The Village of Titchfield can date its history to 6th century Anglo-Saxon times, two centuries before the Vikings invaded Britain. Evidence of Roman occupation abounds in the local area and Titchfield’s accessibility from its once natural tidal harbour suggests that it benefited from navigable access at high tide that would have allowed shallow keel vessels to travel up the Meon Valley.
Founded by the Meon tribe, Titchfield is located at the bottom of the Meon Valley. There is debate about the origin of the name Titchfield, it was known as Ticefelle in the Domesday Book in 1086. Some of Titchfield’s oldest buildings from the 13th century in South Street are jetty styled houses, having their top floors extending over the pavements
Titchfied thrived on agriculture and sea trade. Geographically, it is an ideal location to live and prosper with rich soils supporting sheep farming and a thriving port that facilitated trade via Hill Head on the busy Solent before it was blocked off in 1611.
A canal was built to connect Titchfield with the Solent and runs along the western edge of the Titchfield Haven, the purpose can only be surmised but Titchfield was referred to as a thriving marketplace in medieval times and one has to presume that floating trade elevated its already busy market and local Tannery trade. Today, the canal is somewhat overgrown with trees, but it has a footpath which follows the canal on one side and the Titchfield Nature Haven on the other on its route to the Meon beach where Titchfield harbour once existed.
The termination of the canal resulting from an act of the 3rd Earl of Southampton was by all accounts unpopular but the rationale has gone undocumented.
St Peter’s Church was the first church to be built on the south coast in approximately 680 A.D. Saint Wilfrid travelled from Northumbria and ventured up the Meon Valley building churches on his way. St Peter’s Church in Titchfield was his first construction. Anglo-Saxon stone in the church has been exposed and dated to that period. Norman and other additions have been built on since then.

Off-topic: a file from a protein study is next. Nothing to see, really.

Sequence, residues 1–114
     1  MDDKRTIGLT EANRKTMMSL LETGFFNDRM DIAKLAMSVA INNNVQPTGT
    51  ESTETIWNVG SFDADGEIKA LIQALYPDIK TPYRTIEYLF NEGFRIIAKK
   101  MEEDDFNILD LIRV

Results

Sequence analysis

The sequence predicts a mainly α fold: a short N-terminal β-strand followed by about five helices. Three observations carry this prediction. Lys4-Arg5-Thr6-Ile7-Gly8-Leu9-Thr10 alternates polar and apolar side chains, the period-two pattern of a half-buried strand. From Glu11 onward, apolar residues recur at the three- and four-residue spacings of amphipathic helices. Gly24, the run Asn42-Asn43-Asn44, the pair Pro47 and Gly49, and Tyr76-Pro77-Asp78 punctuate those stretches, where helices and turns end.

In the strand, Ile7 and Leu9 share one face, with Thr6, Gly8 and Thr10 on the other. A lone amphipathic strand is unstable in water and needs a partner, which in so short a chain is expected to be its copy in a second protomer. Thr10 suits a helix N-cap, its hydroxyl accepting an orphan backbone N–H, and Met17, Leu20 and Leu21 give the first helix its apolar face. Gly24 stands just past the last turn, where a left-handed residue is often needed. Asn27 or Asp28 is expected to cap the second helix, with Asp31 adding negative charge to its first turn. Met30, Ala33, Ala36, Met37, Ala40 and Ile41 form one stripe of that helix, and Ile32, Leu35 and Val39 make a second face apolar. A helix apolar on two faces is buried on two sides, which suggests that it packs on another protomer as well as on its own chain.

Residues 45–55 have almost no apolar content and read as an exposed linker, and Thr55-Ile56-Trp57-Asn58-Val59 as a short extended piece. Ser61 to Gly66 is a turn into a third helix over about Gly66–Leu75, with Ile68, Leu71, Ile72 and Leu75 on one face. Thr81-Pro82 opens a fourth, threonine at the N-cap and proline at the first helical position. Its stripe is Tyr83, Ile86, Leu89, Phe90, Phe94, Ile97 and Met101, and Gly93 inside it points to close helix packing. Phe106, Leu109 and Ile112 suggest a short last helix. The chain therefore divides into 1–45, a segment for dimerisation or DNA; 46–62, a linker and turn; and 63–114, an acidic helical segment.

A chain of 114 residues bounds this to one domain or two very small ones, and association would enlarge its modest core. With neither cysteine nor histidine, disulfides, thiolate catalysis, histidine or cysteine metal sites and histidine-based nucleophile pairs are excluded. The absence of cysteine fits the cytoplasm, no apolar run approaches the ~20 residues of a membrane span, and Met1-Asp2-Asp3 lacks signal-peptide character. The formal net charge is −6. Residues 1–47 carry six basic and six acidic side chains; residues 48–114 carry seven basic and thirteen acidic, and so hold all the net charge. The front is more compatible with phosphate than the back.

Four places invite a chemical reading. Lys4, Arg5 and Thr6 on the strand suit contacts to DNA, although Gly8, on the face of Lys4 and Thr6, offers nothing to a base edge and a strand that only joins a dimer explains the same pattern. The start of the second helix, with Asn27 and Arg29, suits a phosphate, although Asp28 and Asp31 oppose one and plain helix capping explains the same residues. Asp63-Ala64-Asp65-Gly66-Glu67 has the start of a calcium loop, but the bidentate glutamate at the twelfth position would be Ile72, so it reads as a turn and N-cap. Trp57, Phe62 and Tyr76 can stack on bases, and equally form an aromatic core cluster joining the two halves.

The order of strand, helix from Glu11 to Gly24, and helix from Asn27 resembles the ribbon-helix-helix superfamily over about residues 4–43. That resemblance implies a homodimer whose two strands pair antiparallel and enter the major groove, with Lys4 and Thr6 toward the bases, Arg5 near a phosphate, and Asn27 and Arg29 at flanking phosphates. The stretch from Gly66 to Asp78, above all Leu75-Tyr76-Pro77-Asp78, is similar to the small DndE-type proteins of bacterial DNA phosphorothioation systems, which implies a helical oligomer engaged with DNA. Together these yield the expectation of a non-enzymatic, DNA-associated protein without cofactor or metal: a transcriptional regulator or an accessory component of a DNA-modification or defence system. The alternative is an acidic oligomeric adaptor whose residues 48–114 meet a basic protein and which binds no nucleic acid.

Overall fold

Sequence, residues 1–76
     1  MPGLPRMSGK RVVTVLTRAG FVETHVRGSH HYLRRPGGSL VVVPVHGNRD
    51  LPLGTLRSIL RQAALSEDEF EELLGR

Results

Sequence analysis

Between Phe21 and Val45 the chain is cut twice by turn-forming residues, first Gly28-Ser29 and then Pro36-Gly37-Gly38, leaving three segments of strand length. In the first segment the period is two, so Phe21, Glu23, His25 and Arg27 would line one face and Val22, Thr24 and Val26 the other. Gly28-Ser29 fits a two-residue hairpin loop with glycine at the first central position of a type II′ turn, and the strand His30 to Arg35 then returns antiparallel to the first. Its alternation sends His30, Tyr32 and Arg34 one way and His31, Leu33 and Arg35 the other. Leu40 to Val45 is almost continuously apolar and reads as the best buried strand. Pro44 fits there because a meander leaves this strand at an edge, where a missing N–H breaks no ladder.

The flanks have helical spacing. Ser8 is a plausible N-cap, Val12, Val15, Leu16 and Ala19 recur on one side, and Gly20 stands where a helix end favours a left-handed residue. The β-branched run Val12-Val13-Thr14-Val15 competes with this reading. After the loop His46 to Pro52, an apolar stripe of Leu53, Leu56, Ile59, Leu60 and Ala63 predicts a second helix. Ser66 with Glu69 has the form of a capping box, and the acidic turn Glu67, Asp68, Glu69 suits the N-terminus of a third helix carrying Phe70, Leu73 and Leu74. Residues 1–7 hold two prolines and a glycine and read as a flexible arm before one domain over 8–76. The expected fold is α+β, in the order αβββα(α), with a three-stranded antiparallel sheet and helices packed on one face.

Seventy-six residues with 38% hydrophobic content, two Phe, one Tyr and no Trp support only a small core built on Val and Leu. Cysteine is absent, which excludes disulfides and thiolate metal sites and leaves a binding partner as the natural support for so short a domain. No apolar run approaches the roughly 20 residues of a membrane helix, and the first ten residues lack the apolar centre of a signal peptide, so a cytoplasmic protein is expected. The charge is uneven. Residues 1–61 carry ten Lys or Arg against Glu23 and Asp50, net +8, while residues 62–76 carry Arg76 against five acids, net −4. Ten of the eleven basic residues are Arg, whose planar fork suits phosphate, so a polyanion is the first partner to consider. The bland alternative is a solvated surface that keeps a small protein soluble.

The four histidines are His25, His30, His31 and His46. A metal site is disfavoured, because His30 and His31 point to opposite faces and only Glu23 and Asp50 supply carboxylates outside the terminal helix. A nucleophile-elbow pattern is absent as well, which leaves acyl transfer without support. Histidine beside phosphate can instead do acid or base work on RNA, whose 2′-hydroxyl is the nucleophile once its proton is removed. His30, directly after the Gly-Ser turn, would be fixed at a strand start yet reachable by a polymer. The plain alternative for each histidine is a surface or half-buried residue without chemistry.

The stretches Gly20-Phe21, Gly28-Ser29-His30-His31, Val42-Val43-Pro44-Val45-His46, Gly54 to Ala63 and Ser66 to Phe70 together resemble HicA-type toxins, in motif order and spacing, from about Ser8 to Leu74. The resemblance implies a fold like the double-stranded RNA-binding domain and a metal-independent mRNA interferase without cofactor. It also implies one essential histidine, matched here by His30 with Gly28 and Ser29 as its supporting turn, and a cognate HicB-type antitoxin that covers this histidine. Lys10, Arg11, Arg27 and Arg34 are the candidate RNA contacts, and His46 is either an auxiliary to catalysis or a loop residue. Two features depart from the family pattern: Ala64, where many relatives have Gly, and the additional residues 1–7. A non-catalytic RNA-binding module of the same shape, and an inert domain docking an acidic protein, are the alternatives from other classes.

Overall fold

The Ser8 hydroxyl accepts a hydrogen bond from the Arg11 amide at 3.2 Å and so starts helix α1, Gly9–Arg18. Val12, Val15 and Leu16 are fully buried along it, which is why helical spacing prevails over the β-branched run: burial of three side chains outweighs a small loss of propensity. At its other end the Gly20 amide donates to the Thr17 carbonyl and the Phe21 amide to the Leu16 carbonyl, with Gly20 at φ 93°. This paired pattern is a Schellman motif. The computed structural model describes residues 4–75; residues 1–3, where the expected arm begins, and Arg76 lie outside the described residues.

In St Peters church there is a magnificent marble monument that commemorates
Thomas Wriothesley, his wife Lady Jane and son Henry Wriothesley, their families are interred in the crypt now known as the Southampton Chapel.
The Montagu family of Beaulieu descend from Wriothesley family and Lord Montagu takes a keen and active interest in historic Titchfield.
Titchfield’s largest historic landmark is the Abbey, founded early in the 13th Century by Peter de Roches, the Bishop of Winchester for the Premonstratensian canons (known as the White Canons) a catholic religious order founded on the continent.
The Abbey has been frequented by many Kings and Queens and in 1445 it was the location for Henry VI marriage to Margaret of Anjou. So significant an event was it that a lion in chains was brought to the Abbey for the ceremony from the Tower of London.
The dissolution of the Monasteries, ordered by Henry VIII and effected by Thomas Cromwell, saw the Abbeys conversion into a fine country residence and the building that we can see now called Place House. The conversion and build of Place House was undertaken by Thomas Wriothesley who, richly rewarded for his Royal allegiance, was given the title 1st Earl of Southampton and along that title, the Titchfield and Beaulieu Abbey and estates.